Over the last year, many companies have ended their liberal work-from-home policies. Firms like IBM, Honeywell, and Aetna joined a long list of others that have deemed it more profitable to force employees to commute to the city and work in a central office than give them the flexibility to work where they want. It wasn't supposed to be this way—at least according to Norman Macrae.
In 1975, when personal computers were little more than glorified calculators for geeks and the Internet was an obscure project being developed by the United States government, Macrae, an influential journalist for The Economist who earned a reputation for clairvoyant prophesies—including the fall of the Soviet Union and the rise of Japan—made a radical prediction about how information technology would soon transform our lives.
Macrae foretold the exact path and timeline that computers would take over the business world and then become a fixture of every American home. But he didn't stop there. The spread of this machine, he argued, would fundamentally change the economics of how most of us work. Once workers could communicate with their colleagues through instant messages and video chat, he reasoned, there would be little coherent purpose to trudge long distances to work side by side in centrally located office spaces. As companies recognized how much cheaper remote employees would be, the computer would, in effect, kill the office—and with that our whole way of living would change.
"Telecommunications," Macrae wrote, "will alter society's patterns more profoundly than the previous and smaller transport revolutions of the railway and automobile have done." A digital America, he declared, would soon "lead the world toward the end of the urban age."
Fast forward 40 years and suburban breadwinners still clog motorways in a daily trek to cities to make money. Young professionals flock to live in them for the perks of urban life. Far from the "re-ruralization" that Macrae predicted, the metropolis of the computer age has become an even stronger magnet for the physical bodies of human beings.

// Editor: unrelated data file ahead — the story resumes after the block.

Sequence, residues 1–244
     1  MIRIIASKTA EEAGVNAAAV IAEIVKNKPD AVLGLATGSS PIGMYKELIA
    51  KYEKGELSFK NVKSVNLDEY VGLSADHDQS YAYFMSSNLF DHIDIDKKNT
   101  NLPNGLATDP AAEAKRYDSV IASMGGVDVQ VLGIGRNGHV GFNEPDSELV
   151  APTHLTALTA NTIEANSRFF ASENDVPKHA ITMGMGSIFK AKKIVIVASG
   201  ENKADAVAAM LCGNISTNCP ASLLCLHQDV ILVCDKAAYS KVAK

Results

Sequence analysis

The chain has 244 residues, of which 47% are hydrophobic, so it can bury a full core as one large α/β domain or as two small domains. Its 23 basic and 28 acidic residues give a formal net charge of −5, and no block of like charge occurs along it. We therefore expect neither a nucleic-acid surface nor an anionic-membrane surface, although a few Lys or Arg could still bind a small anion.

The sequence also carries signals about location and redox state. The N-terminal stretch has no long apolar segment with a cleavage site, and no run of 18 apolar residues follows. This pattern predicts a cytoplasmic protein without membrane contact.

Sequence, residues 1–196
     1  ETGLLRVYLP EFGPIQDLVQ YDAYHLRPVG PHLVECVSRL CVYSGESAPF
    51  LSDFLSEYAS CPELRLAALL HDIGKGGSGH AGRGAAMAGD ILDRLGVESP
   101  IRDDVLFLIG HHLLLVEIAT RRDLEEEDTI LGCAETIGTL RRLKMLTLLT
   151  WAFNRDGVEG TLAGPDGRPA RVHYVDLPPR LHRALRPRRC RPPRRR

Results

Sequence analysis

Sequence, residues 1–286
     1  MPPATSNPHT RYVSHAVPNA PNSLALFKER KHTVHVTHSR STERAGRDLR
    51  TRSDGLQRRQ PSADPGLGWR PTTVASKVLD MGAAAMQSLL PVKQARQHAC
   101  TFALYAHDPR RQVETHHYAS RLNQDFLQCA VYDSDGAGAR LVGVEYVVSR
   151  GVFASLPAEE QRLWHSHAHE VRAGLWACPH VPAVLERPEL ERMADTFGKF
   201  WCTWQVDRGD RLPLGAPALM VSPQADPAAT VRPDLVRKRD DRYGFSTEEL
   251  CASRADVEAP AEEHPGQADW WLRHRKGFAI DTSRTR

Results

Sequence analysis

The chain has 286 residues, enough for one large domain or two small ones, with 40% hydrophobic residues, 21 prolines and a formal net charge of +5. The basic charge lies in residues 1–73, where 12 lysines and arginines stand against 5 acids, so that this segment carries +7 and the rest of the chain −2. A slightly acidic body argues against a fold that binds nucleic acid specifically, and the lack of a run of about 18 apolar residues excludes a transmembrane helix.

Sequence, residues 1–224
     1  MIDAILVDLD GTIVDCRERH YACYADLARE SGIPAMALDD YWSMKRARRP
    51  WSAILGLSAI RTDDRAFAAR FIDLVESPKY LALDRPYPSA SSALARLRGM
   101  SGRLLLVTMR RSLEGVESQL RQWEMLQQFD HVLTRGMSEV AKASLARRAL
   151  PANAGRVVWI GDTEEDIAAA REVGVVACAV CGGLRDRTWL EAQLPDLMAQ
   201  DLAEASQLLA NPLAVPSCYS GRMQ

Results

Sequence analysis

Ed Glaeser, an economist at Harvard University who is one of the foremost experts on cities, says that predictions about the city's decline were not uncommon when he entered the profession back in the 1980s. At the time, urban centers were sinking into cesspools of poverty, blight, and crime. Since then, there's been a remarkable reversal, with waves of development and gentrification, pushing more and more poor people out and bringing more and more rich people in.
Part of the story, Glaeser says, is that "Macrae didn't foresee the rise of the consumer city, the fact that millions of people would actually want to locate in London or New York—not just because there are jobs there—but because it was fun." The other part of the story is that, far from killing the urban office, computers invigorated it with new forms of work that made it even more profitable.
It's true that, since the rise of the Internet, we report working from home more than we did before. But computers and smartphones didn't replace the office—they've just kept us tethered to it when we're not there. The vast majority of us still travel to work most days: only about 2.8 percent of the total workforce says they work from home "at least half the time." It's a reality reflected in commuting data: Since 1980, when the U.S. Census Bureau started collecting data on this issue, the average daily commute of Americans has increased roughly 20 percent, with the typical worker now commuting over 26 minutes each way. According to data from Waze, Google's traffic app, there are regions like Sarasota, Florida, and Myrtle Beach, South Carolina, where the average worker commutes over an hour and half.
There are many reasons to believe commuting is stupid. It wastes resources. It's bad for the environment. It's unproductive time that we're not paid for. It costs us money. It's stressful. It's associated with higher rates of depression, obesity, cardiovascular disease, divorce, death, and a whole host of other maladies. We report we hate it more than anything else in our routines and that we're happier when we get to more regularly work from home. Why, then, must office workers continue to do it?
"Even the mere belief that you are interacting with a real-time representation of another human makes you behave differently than you would if you were interacting with a computer algorithm."